-RadioFreeEurope/Radio Liberty (funded by the US govt.).

So while Lutsenko – Solomon’s guest and Ukrainian Prosecutor is currently going after Artem Sytnyk, it should be noted that Leshchenko was already found to have meddled in the 2016 US election.

Watch:

Meanwhile, you can also check out Stranahan’s take on Leshchenko being left out of the loop.

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‘I will take over as Brexit Party leader’: Nigel Farage back on the frontline

Nigel Farage says that if the UK takes part in European elections, he will lead his new Brexit Party.

RT

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Via RT


Former UKIP leader Nigel Farage has announced that he will lead his new Brexit Party into the European elections if UK MPs decide to delay Brexit beyond May 22.

Farage, who has ostensibly appointed himself leader, told various media, including the BBC and Sky News on Friday morning: “I will take over as leader of the Brexit Party and lead it into the European Elections.”

It comes after the Brexit Party’s leader, Catherine Blaiklock, quit over a series of alleged Islamophobic statements and retweets of far-right figures on social media.

It is not yet thought that Farage has officially been elected as leader, as the party does not, as yet, have a formal infrastructure to conduct such a vote.

The right-wing MEP vowed to put out a whole host of Brexit Party candidates if the UK participates in the upcoming EU elections in May, adding: “If we fight those elections, we will fight them on trust.”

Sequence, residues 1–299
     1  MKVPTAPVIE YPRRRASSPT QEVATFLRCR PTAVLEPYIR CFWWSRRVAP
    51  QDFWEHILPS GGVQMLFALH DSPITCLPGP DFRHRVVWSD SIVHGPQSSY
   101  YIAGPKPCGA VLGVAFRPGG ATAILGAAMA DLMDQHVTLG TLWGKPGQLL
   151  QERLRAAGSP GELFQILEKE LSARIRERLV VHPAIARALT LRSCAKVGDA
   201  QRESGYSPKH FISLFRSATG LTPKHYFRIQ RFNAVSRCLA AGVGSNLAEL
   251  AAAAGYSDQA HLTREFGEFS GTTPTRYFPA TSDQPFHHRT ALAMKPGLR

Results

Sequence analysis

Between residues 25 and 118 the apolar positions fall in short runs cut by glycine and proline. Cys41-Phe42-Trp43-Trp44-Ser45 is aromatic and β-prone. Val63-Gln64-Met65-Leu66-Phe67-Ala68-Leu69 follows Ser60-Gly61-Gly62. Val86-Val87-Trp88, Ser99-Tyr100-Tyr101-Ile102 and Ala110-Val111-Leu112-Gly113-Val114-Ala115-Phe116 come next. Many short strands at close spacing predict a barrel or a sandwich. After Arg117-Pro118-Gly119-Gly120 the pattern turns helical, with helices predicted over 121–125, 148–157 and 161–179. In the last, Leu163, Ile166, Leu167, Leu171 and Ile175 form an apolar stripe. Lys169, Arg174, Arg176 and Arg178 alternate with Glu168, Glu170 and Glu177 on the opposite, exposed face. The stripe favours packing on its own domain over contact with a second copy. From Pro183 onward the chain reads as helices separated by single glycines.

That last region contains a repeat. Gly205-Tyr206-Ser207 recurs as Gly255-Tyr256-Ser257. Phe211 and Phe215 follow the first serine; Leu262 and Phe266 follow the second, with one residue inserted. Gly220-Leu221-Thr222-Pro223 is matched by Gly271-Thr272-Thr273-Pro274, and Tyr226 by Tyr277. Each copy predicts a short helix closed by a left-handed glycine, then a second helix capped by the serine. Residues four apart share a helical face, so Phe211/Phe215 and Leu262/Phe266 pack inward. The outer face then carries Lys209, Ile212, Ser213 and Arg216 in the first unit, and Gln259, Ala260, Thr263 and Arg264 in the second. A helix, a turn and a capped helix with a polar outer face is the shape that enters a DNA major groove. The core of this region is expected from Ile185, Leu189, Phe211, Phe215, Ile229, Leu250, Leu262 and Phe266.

On Thursday night, the EU agreed to PM May’s request for a delaying to Brexit beyond the March 29 deadline. Brussels announced two new exit dates depending on what happens next week in the UK parliament.

The UK will have to leave the bloc on April 12 unless British MPs agree to May’s Brexit deal. If the withdrawal agreement is passed by next week, EU leaders have agreed to grant an extension until May 22.

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Baltics cannot rely on Germany any more

The matter is NATO today is not as strong as it is supposed to be. And it is not only because of leadership blunders.

The Duran

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Submitted by Adomas Abromaitis…

On March 29 Latvia, Lithuania and Estonia will celebrate 15 years of becoming NATO member states. The way to the alliance membership was not simple for newly born independent countries. They have reached great success in fulfilling many of NATO demands: they have considerably increased their defence expenditures, renewed armaments and increased the number of military personnel.